We also tallied up how much cash was available in checking and savings accounts to make sure there was enough easily accessible to handle any needs that come up during the transition period.

It’s also important to know all sources of income and how much that is to see if additional income will be required from investment accounts.


Not so immediate is a list of things that will need to be handled at some point.

  • Contacting Social Security to receive the $255 funeral/burial benefit
  • Was the deceased a Veteran? If so, there may be military benefits such as $300 toward burial and funeral expenses or $796 toward internment if not buried in a national cemetery. If benefits are available, you’ll need Proof of Military Service, form DD 214.
  • Finding all passwords.
  • Collecting all deeds for houses/property
  • Finding car titles. You will need to notify the auto insurance company.
  • Canceling or reregistering credit cards that were in the deceased’s name alone.
  • Inventory the safe deposit box at the bank.
  • Close subscriptions for magazines, newspapers, newsletters as well as online subscriptions.
  • Cancel memberships to
    • Health clubs
    • Professional organizations
    • Civic organizations
    • Cultural organizations
    • Book clubs
    • Alumni associations
    • Discount clubs (Sam’s, Costco, etc.) but you have the option of converting those memberships to your name.
  • Automatically filled prescriptions
  • AARP
  • AAA Motor Club

By canceling these things, you also avoid the possibility that someone will steal your spouse’s identity later and create headaches for you. For that reason, also cancel:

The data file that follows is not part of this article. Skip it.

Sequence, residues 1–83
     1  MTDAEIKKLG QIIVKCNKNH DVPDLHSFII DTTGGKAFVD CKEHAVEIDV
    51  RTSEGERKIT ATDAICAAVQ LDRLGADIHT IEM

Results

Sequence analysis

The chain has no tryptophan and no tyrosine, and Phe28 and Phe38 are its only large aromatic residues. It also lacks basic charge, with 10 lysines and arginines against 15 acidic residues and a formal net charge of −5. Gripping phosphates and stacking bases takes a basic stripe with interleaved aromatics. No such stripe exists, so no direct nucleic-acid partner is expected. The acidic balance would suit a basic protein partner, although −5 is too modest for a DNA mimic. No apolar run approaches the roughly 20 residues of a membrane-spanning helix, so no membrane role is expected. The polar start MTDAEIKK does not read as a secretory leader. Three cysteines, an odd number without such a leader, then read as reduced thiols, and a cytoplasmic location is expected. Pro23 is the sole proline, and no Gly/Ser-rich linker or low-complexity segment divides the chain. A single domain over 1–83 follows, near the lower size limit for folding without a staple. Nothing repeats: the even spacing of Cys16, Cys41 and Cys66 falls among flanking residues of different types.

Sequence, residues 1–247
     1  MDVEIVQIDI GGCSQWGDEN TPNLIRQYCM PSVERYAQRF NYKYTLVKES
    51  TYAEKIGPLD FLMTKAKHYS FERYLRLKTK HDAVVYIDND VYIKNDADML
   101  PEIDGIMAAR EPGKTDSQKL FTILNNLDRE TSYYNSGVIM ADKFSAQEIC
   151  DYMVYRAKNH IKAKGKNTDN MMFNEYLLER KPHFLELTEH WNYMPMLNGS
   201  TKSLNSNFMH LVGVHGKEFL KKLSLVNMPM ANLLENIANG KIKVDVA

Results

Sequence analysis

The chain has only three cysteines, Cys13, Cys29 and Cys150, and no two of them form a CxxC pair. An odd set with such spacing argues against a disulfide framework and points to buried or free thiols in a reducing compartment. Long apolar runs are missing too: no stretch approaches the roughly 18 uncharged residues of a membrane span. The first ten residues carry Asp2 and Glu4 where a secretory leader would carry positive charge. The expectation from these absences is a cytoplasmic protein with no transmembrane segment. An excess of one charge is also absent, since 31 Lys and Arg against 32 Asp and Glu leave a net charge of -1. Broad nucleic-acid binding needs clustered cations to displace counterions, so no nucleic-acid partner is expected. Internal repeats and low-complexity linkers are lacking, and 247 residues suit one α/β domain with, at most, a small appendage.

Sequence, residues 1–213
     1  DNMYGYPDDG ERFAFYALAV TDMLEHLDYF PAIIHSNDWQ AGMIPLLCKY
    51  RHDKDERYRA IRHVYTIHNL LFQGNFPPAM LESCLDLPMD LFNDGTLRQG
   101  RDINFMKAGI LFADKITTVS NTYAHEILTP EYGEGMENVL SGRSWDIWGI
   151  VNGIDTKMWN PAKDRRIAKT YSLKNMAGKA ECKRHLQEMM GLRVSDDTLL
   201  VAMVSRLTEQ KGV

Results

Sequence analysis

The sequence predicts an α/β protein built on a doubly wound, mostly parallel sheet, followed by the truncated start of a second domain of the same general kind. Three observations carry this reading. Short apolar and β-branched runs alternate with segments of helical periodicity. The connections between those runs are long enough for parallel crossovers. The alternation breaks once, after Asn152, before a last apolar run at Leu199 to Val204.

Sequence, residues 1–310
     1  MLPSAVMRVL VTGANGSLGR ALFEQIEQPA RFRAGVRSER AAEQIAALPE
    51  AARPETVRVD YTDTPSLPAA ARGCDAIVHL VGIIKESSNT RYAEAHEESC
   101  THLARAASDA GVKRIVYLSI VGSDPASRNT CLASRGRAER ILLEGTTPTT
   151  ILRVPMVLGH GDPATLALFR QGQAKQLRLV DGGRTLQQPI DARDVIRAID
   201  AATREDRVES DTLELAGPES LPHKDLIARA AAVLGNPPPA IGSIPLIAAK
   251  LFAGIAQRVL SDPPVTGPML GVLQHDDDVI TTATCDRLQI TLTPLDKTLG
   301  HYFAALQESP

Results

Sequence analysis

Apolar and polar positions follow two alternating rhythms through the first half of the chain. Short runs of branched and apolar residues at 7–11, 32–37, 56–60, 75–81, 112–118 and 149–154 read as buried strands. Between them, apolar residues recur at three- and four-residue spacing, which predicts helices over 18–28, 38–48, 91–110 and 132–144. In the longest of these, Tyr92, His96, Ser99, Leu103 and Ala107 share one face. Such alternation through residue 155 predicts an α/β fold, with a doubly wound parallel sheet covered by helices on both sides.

• Driver’s license
  • Voter registration
  • Library card
  • Also, notify the three credit reporting agencies of your spouse’s death (Experian, Equifax, and TransUnion).


In this process, you also need to update some things for you:

  • Review everything that has beneficiaries listed, such as retirement accounts, IRAs, insurance policies, annuities, and Transfer-on-death accounts. List the beneficiaries you want now, in this new phase of your life.
  • Update your emergency contact information.
  • Submit new HIPPA forms to doctors’ offices and medical facilities with the name(s) of the persons you now authorize to receive information about you.
  • Update your Will.
  • Update your Power(s) of Attorney.
  • Update your Advance Directives with the name of the person(s) who can now make medical decisions for you in the event you can’t.


You can see, it’s a long list of things that need to be taken care of after a spouse dies. Barbara was never interested in the household finances and let Steve handle everything. Now she has a huge learning curve to get up to speed. To keep from finding yourself in a similar circumstance, have some knowledge of your household finances; ask questions. It will make things a lot easier if you become the surviving spouse.



This article is presented as information only and should not be considered tax, legal or financial advice.